Measurements of tumor oxygenation just 2 weeks into treatment provided the best predictor of tumor control and disease-free survival. That early glimpse into the future can identify individuals at the greatest risk of having their cancer return, Mayr says, giving doctors the opportunity to adopt more aggressive therapies to improve the prognosis. Wang predicts that, with further testing, the technique also will prove useful for other types of cancer.
3) HYBRID IMAGER COULD IMPROVE BREAST EXAMS
An integrated, multi-modality molecular imaging system, invented in 1999 by Martin Tornai, Associate Professor of Radiology and Biomedical Engineering of Duke University, and developed by Priti Madhav and other of Tornai’s grad students over the years, may improve detection, diagnosis and treatment monitoring of breast cancer, while also relieving some of the discomfort often associated with breast exams. The system allows subjects to lie prone while both a dedicated SPECT and CT scan are taken of the breast. Because these are three-dimensional imaging techniques, there is no need to compress the breast (often painfully) as is done during a two-dimensional mammography.
To generate the SPECT image, the nuclear medicine technologist injects the subject with a radio-tracer associated with metabolism. Cancer cells are more active than normal cells, so they take up more of the gamma-ray-emitting tracer. The SPECT camera detects this gamma ray emission and produces an image of the 3D distribution of metabolic activity. To help physically localize the source, a dedicated breast CT scan, also developed in Tornai’s lab, with 0.5 millimeter resolution is obtained. When the two scans are fused together, the doctor has both functional (SPECT) and anatomical (CT) information in one picture. In a handful of patient imaging trials, the combined image highlighted cancerous cells that might have been missed in a CT scan by itself.
Although full body SPECT-CT already exists, this is the first dedicated SPECT-CT apparatus for breast imaging. The advantage of tailoring the machine to the breast is that the SPECT camera gets a better picture by being closer to the breast. Moreover, the CT scan is targeted, thus reducing the amount of radiation to other parts of the body. An added bonus is that the patient never has to move while the two scans are taken.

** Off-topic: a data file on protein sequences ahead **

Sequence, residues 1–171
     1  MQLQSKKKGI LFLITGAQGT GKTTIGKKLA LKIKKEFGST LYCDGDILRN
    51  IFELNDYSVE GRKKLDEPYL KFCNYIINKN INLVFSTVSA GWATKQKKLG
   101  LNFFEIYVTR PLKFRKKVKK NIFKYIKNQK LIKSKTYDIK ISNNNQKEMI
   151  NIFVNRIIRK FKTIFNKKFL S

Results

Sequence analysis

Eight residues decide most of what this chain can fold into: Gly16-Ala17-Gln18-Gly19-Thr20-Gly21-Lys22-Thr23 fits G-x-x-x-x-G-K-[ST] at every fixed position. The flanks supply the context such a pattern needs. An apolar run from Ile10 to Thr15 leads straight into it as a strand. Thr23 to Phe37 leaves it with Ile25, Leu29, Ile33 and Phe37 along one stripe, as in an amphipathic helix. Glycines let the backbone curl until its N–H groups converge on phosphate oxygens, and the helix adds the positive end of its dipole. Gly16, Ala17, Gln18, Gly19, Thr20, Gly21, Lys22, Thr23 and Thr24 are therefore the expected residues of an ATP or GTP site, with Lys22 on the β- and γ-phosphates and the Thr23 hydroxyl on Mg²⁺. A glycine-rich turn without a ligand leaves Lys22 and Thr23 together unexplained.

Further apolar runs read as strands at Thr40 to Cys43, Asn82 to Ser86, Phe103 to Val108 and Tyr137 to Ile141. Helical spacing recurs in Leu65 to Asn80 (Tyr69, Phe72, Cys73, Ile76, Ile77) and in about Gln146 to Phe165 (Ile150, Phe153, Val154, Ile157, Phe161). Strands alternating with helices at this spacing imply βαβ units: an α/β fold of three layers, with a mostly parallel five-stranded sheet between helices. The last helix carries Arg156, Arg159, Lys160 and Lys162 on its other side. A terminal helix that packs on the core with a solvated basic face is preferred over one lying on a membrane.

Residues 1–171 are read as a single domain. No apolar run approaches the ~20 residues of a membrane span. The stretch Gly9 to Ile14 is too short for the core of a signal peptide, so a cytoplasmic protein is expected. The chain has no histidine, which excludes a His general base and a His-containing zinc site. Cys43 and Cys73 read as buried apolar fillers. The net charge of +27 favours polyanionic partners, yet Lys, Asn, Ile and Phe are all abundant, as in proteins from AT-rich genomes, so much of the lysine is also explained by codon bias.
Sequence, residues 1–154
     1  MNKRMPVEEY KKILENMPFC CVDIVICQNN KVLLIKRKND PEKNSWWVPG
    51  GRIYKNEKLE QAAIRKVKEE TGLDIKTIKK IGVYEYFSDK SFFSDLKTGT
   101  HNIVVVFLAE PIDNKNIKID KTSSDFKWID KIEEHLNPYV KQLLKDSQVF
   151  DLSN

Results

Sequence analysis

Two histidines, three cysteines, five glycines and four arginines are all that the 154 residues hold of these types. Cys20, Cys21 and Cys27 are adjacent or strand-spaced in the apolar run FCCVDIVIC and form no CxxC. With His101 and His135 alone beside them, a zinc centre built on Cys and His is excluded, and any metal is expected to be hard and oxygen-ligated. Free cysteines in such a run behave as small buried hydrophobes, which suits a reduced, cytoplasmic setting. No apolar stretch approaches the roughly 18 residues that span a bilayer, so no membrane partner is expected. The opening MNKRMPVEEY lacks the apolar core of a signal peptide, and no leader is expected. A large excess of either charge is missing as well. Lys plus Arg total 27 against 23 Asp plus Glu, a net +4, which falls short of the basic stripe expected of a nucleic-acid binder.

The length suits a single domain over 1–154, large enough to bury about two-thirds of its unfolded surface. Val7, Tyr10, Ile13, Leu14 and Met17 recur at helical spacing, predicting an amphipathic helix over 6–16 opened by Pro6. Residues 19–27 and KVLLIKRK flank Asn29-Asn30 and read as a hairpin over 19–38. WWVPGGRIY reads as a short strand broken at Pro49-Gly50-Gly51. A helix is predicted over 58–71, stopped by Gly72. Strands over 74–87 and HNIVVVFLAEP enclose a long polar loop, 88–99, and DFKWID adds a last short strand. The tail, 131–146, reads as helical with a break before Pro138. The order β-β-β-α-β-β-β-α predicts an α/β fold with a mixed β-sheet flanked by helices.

Talk (TU-C-332-04), “Pilot Patient Studies Using a Dedicated Dual-Modality SPECT-CT System for Breast Imaging” is at 10:36 a.m. on Tuesday, July 29, 2008 in room 332.
4) SPARING LEUKEMIA PATIENTS FROM UNNECESSARY TREATMENT
Nearly a third of leukemia patients do not respond to chemotherapy, but this is not usually discovered until they have already endured a week-long chemotherapy treatment and waited a month to see whether it has worked. A new study shows that PET scans could tell how well a patient is responding after just one day of chemotherapy.
Treating leukemia primarily involves killing the cancerous cells where they originate in the bone marrow. Chemotherapy can knock out bone marrow cells, but it also kills healthy cells, causing such side effects as immunodeficiency and weight loss. Doctors traditionally take a bone marrow biopsy after the treatment to assess how well the drugs have worked. This is unfortunately rather late for those who do not respond to chemotherapy. And even for those who do, the single biopsy is not always representative of how the entire bone marrow is responding.
In their sample, the researchers found that brightness and non-uniformity in bone marrow PET scans was an indication that the subject was not responding to the chemotherapy. This assessment, which apparently can be made as early as day one, could potentially spare 30 percent of people with leukemia from a treatment that is wrong for them.
Talk (TH-D-AUD C-6), “Early Assessment of Treatment Response in Hematopoietic Disease Using [18F]FLT PET Imaging ” is at 1:30 p.m. on Thursday July 29, 2008 in Auditorium C.